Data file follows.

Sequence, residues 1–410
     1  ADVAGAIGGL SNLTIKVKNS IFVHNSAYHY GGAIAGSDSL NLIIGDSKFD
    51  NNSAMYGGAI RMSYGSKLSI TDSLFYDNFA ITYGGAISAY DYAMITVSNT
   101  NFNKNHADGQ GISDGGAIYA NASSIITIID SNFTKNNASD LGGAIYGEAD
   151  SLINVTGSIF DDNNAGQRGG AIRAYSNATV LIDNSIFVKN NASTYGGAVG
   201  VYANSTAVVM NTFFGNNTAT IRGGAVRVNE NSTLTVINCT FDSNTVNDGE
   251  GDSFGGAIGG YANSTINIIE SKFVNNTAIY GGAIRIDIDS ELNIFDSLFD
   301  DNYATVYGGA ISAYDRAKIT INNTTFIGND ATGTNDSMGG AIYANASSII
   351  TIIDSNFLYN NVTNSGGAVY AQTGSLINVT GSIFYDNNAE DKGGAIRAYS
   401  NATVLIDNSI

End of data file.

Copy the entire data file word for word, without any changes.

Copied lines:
Sequence, residues 1–410
     1  ADVAGAIGGL SNLTIKVKNS IFVHNSAYHY GGAIAGSDSL NLIIGDSKFD
    51  NNSAMYGGAI RMSYGSKLSI TDSLFYDNFA ITYGGAISAY DYAMITVSNT
   101  NFNKNHADGQ GISDGGAIYA NASSIITIID SNFTKNNASD LGGAIYGEAD
   151  SLINVTGSIF DDNNAGQRGG AIRAYSNATV LIDNSIFVKN NASTYGGAVG
   201  VYANSTAVVM NTFFGNNTAT IRGGAVRVNE NSTLTVINCT FDSNTVNDGE
   251  GDSFGGAIGG YANSTINIIE SKFVNNTAIY GGAIRIDIDS ELNIFDSLFD
   301  DNYATVYGGA ISAYDRAKIT INNTTFIGND ATGTNDSMGG AIYANASSII
   351  TIIDSNFLYN NVTNSGGAVY AQTGSLINVT GSIFYDNNAE DKGGAIRAYS
   401  NATVLIDNSI